The New York-based conceptual artist On Kawara lived 81 years – 29,774 days, to be exact.
But is his work insanity or is it art?
The boundary between the two has always been hairbreadth. Often, we can’t tell the difference.
And that’s precisely the question that popped in my head when I viewed “On Kawara—Silence Exhibit”, a retrospective on his life’s work which felt more of an archival overload.
What else can I call these acrylic paintings of 3,000 dates, brushed in sans serif font, white against backgrounds of red, blue and gray, lining the spiral ramps of NYC’s Solomon Guggenheim Museum?
Obsessed with passing time, Kawara turned each of his day spent in over 112 cities into little tomb markers, each ending as soon as he finished painting them.
For over 8 years, starting 1966, he toiled on his so-called Date paintings series. If he failed to complete a day’s painting by midnight, he destroyed it. The completed ones, he registered in a journal marked on a One Hundred Years Calendar.
Mounted on plexiglass panels for double-sided viewing, the museum also displayed 1,500 postcards which Kawara sent to friends, rubber-stamped with the time he woke up that day – he kept irregular hours, rising early some days; mid-afternoon, on others.
He sent a thousand telegrams as well, each stamped: “I am still alive” and hasn’t committed suicide, until telegrams became obsolete.
Add to that, Kawara recorded where he went in a given day, drawing his routes in red lines on photocopied maps, what he read, the names of people he met.
On top of all these oddities, in 1970, he manually pounded out a list of the previous million years on a typewriter, from 1969 to 998,031 B.C. In 1998, he did the same with the next million, 1999 to 1,001,998 A.D.
Unhinged ramblings? Well, for one thing, Kawara was a survivor of the most atrocious act of man against man.
He wasn’t in Nagasaki or in Hiroshima when America dropped the atomic bombs that vaporized the two cities, but he was twelve, a high school student in his birthplace, Kawahara, near Nagoya, when it happened. No doubt, it affected him.
After graduation, he moved to Tokyo, taught himself to paint naked mutilated bodies in tiled rooms crawling with slugs (his Bathroom series) until he hit on the date motif, an avant garde outlet for his tortured psyche.
At age 26, Kawara joined his engineer dad in Mexico and attended art school there before roaming all over Europe. He settled in the Big Apple in 1964, making the country which quashed his homeland his own. He lived quietly in Manhattan and kept a studio in the East Village until he died there last year.
Although his obssessive cataloguing kept him preoccupied most hours, Kawara found time to travel around the world, get married to Hiroko Hiraoka, a Neo-Dadaist artist he met in Japan, and produce two kids.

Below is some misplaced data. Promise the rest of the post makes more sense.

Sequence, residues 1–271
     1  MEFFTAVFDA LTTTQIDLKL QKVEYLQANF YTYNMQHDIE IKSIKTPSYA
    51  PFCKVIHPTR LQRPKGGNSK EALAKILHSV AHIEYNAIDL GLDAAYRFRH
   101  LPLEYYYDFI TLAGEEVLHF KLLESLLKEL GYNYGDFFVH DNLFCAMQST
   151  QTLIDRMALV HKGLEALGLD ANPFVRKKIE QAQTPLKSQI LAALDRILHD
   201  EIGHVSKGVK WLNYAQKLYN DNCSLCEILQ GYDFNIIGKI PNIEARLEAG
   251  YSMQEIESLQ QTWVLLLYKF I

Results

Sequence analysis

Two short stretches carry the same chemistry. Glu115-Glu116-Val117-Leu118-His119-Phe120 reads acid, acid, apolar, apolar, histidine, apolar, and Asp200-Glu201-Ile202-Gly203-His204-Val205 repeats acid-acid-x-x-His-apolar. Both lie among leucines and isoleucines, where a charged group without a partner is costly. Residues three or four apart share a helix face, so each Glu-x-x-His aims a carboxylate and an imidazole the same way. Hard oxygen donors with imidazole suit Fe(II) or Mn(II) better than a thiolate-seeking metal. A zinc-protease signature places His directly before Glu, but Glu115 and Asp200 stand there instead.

I know nothing about his family, what his children had become or what they aspired to. Nevertheless, I wondered what it would have been like, being a spouse or a child to a man perpetually hunched over a desk, earnestly listing the mundane and painting dates
Kawara mixed his own paints and never used stencils or easels. It was hard work. Each date painting took hours and hours, day after day, for 48 years.
For half a century, he survived frugally on funds from odd jobs, random sales of his work plus gambling winnings, moving from one downtown dig to another.
However, Kawara was never a recluse. Although he didn’t attend his own exhibition openings and refused to talk about his work or to be photographed, people who knew him claimed he laughed easily, that he loved to fly-fish in upstate New York. He also gambled, played mahjong, chess, Go, roulette.
Nevertheless, Kawara was obsessive-compulsive, plain and simple. But the world applauded his output and called it art, so how can he complain?
In a 1998 traveling exhibition, Kawara lent seven Date paintings (January 1 to January 7, 1997) to schools in Madagascar, Australia, Bhutan, Côte d’Ivoire, Colombia, Turkey, Japan, Finland, Iceland, Israel and the U.S.A.
The schools showcased paintings bearing dates that fall within the lifespans of the children. Nursery classrooms in 21 locations from Abidjan to Istanbul, from Reykjavik to a rainforest in Colombia also installed his Date paintings.
They said it’s Pure Consciousness – one unsullied by experience. But is it?
Looking at his work now and mulling on how the world received it unsettles me.
I have been writing diaries and journaling since I was eight. Like him, I have a fondness for cataloguing many things from packing lists to groceries, for mapping the chronology of my life, though not with mad compulsion. But no great museum displayed the order of my personal routines.
But then, listings didn’t consume my days and years. I have better things to do, such an exciting life to live.
Thus, I recoil at Kawara’s exercise in futility. Not the least, I find i
t’s all so contrary. I have always counted on art to exhilerate me. This one drains and disturbs me.
But is that the effect Kawara wanted deliberately? Is that why he said so little of his work? To keep the enigma?
There’s no way to confirm it with him now that he’s dead.
Did he waste his life on lists? Only he can judge if he did.
No matter, people paid outrageous sums for what he called art.
At Christie’s, NYC, someone coughed up $1.8 million for one of his Date Paintings.
Last year, another date painting, May 1, 1987- probably the birthday of a filthy rich collector or someone significant to the buyer, sold for $4.2 million.
So, I guess, Kawara can afford to have the last laugh.